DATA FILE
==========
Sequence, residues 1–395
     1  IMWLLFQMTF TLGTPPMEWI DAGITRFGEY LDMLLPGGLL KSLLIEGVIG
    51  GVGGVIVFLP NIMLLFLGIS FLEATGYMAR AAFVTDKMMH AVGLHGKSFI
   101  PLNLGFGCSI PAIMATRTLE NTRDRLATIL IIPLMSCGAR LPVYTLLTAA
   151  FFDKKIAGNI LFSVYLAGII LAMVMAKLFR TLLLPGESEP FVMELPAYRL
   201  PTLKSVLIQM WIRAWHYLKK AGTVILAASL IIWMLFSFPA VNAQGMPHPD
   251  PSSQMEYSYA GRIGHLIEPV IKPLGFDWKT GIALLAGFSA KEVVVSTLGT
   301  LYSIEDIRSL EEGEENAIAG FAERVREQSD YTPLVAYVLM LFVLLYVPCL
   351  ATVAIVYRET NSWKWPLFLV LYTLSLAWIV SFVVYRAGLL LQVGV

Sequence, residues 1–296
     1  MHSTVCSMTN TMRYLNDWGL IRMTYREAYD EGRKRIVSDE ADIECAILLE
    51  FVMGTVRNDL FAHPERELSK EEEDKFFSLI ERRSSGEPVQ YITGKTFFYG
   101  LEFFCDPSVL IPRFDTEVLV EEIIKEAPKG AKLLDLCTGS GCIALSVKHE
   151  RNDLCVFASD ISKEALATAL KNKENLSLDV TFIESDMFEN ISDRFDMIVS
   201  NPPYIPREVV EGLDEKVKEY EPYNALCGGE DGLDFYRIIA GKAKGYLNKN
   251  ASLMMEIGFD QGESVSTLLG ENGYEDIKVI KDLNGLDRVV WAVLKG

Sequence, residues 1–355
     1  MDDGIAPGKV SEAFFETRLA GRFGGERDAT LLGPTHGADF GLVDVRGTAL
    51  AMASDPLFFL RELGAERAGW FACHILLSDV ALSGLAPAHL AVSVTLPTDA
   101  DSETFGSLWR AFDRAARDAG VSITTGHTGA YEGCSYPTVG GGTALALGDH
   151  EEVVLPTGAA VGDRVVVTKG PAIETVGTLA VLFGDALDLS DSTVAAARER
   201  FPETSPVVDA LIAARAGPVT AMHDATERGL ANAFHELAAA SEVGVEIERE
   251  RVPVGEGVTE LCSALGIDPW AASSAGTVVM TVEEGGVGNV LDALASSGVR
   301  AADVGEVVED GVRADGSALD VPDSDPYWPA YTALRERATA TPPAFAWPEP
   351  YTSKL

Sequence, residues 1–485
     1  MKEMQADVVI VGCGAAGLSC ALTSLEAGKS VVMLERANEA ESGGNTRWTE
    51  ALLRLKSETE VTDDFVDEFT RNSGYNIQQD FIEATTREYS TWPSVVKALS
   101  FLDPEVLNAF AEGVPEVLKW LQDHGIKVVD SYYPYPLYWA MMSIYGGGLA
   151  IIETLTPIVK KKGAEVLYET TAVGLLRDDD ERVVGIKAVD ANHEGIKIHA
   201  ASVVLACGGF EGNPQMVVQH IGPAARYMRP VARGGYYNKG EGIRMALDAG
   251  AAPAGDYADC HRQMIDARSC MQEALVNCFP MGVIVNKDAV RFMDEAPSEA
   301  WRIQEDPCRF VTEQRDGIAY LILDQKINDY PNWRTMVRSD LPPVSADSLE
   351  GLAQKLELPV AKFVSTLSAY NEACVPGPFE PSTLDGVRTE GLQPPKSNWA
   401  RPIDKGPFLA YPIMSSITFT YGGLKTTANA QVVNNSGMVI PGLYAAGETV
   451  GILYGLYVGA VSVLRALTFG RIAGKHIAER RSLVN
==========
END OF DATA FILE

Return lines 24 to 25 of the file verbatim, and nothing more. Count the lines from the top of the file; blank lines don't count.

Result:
   301  AADVGEVVED GVRADGSALD VPDSDPYWPA YTALRERATA TPPAFAWPEP
   351  YTSKL